Flexible approach at Tammin

28 May, 2011 03:00 AM
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Rod Stokes believes weaning lambs at an early age not only benefits the lambs, but the ewes as well.
Rod Stokes believes weaning lambs at an early age not only benefits the lambs, but the ewes as well.

THE combination of the easy-care White Dorper ram joined to the Merino ewe, equals diversity.

And it is this combination which has given the Stokes family the ability to run a large cropping operation on their 3600 hectare property at Tammin and 1000ha lease property at Cunderdin.

In an area prone to frosts, Rod and Janet Stokes together with their three children Isaac, Isabella and Angela, have come to appreciate the flexibility of the two enterprises.

With 3500 ewes lambing, 2380ha of wheat, barley, canola and lupins to sow and a further 640ha of oats and sub-clovers to plant for pasture, the family are always busy.

But despite 66 per cent of the property being sown to crop, it's the prime lamb industry that keeps the family going.

For a number of years now the Stokes family has been buying in older Merino ewes and mating them to White Dorper rams to produce prime lambs.

"We select mature ewes from three to five years of age because we have found the two-tooth ewes record a lower lambing percentage," Rod said.

Ewes are bought at the Muchea Livestock Centre or at specialty ewe sales during October and November and often they get a good innings out of them.

"Some are eight years old and they are still pumping out a lamb every season," Rod said.

"We purchase 800 to 1000 ewes annually and chase large-frame, easy-care ewes."

All of the ewes are joined to White Dorper rams from the Haseley White Dorper stud, Toodyay.

Each year the Stokes buy up to 12 rams and look for large-framed, long-bodied rams with solid chests.

"We also look closely at their EMA and weaning weight figures because that's what we are chasing in fast-developing lambs," Rod said.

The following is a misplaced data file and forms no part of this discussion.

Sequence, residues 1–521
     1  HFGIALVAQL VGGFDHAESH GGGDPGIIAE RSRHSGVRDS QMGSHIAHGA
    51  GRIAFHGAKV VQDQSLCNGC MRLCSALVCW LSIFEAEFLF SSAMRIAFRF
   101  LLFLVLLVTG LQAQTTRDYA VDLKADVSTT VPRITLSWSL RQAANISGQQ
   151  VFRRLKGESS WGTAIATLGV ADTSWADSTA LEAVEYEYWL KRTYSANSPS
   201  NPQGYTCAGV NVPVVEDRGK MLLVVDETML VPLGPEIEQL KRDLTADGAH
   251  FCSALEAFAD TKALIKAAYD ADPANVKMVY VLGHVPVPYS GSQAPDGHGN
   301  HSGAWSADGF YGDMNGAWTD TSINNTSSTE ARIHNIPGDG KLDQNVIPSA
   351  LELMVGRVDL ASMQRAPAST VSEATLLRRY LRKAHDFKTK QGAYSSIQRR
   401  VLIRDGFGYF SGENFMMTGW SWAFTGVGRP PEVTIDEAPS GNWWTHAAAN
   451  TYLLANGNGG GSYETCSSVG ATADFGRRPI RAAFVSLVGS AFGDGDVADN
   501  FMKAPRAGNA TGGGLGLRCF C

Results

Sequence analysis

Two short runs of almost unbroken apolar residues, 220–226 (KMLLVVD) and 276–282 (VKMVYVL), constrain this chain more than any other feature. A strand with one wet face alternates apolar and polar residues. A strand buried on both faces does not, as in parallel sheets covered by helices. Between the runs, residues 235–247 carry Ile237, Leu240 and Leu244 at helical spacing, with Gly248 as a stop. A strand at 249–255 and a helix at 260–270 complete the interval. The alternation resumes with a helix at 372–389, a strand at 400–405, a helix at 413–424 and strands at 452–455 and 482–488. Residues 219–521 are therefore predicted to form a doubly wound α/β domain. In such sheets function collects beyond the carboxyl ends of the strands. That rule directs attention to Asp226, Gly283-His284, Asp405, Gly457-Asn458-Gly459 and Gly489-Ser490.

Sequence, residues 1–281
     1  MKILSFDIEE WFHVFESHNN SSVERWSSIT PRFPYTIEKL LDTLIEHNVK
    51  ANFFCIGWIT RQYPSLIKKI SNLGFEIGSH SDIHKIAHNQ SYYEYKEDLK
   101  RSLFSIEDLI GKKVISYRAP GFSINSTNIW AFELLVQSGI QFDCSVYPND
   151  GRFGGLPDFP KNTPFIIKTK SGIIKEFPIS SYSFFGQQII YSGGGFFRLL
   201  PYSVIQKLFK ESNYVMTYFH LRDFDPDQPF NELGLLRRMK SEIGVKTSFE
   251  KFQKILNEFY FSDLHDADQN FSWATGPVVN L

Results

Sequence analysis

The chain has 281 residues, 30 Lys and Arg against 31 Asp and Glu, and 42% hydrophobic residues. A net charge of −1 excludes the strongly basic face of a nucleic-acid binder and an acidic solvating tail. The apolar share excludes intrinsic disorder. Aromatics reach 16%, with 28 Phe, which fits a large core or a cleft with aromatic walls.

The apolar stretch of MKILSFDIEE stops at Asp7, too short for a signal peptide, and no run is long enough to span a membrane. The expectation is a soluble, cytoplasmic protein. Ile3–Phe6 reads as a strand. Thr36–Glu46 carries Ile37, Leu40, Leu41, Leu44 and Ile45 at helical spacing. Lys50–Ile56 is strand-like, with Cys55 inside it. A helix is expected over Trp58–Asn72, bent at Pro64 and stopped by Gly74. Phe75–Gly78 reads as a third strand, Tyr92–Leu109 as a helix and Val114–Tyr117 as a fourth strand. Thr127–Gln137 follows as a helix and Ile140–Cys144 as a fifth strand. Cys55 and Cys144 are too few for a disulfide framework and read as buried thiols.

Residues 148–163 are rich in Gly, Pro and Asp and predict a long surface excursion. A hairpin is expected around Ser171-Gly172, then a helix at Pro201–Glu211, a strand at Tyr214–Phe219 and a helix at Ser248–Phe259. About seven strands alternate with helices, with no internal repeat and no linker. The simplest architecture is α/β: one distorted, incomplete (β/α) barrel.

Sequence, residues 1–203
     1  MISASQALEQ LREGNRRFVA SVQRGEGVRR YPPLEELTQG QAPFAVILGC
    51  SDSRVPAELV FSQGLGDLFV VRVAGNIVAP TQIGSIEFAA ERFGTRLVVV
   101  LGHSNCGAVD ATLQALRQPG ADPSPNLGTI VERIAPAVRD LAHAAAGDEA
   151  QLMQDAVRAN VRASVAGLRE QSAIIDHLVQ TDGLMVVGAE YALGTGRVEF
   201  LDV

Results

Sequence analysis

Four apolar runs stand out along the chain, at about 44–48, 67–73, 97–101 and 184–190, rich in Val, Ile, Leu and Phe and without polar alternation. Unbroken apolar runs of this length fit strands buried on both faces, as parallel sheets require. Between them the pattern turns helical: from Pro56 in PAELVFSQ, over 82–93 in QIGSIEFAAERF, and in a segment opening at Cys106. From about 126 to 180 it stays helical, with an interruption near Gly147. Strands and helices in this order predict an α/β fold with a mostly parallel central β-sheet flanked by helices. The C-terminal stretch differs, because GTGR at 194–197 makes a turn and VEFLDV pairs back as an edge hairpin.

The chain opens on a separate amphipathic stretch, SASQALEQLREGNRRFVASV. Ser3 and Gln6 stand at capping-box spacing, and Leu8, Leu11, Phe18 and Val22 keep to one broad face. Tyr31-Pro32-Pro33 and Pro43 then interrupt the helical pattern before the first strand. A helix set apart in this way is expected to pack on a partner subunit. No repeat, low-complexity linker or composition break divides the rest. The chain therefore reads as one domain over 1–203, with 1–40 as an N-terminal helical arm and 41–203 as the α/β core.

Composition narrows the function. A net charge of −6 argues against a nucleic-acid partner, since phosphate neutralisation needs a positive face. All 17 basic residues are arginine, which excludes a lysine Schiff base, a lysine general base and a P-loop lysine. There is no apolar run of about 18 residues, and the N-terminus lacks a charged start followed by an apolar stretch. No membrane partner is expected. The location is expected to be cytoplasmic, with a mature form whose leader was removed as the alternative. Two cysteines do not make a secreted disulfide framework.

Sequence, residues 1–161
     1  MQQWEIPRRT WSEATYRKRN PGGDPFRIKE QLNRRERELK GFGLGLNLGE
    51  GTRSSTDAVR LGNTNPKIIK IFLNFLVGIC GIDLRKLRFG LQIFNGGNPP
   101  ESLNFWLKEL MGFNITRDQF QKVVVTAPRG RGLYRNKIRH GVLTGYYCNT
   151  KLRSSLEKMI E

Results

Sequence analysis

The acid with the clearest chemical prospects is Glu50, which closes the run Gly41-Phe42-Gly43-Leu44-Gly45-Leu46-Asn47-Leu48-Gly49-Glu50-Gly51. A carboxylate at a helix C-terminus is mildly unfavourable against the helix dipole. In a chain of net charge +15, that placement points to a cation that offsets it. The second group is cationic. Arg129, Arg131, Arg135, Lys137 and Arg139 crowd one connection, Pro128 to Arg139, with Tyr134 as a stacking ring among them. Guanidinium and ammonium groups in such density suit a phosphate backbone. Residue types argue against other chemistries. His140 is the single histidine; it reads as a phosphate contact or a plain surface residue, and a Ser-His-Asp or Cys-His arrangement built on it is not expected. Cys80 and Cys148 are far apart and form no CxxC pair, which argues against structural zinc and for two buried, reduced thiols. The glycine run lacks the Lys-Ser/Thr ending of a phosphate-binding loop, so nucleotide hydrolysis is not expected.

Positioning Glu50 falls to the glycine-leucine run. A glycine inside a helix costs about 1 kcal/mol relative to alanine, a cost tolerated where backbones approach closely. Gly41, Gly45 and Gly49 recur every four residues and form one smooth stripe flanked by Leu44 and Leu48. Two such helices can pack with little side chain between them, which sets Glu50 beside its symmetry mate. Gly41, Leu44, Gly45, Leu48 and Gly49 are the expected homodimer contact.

The family believes the White Dorper ram is a hardy, care-free animal that is clean on the face and points.

"The less wool they have on their face and legs, the less likely they are to get fly strike," Rod said.

"I can only recall treating 30 lambs for fly strike last year."

The Stokes have no issues when it's come to lambing because the Dorper-Merino lambs hit the ground small.

"We have dabbled with British breeds but we kept losing lambs, often a twin because they were just too big," Rod said.

The combination of the Dorper breed and the way the family manages their ewes throughout the mating period is a testament to achieving a 108pc lambing average over the last three years.

Two weeks before the rams are joined to ewes, the family flush-feeds the ewes 500 grams of lupins a head, a day for a 12 day period and puts teasers in for two weeks.

Rod said it made sense to him but many producers no longer manage their ewes this way.

"It's a natural process for a ewe to become stimulated when they are on a rising plain of nutrition," Rod said.

"By stimulating the ewe with feed as well as teasers, their hormones kick in and tell them it's the right time to be mated."

Like the ewes, the Dorper rams also get the opportunity to reach their full potential and are used twice in one season, an early mating in November and a late mating in January.

"We put our rams in for five weeks at a 2pc rate," Rod said.

"We are averaging 100 lambs to every ram because the rams are fertile and we are able to use them twice a year," Rod said.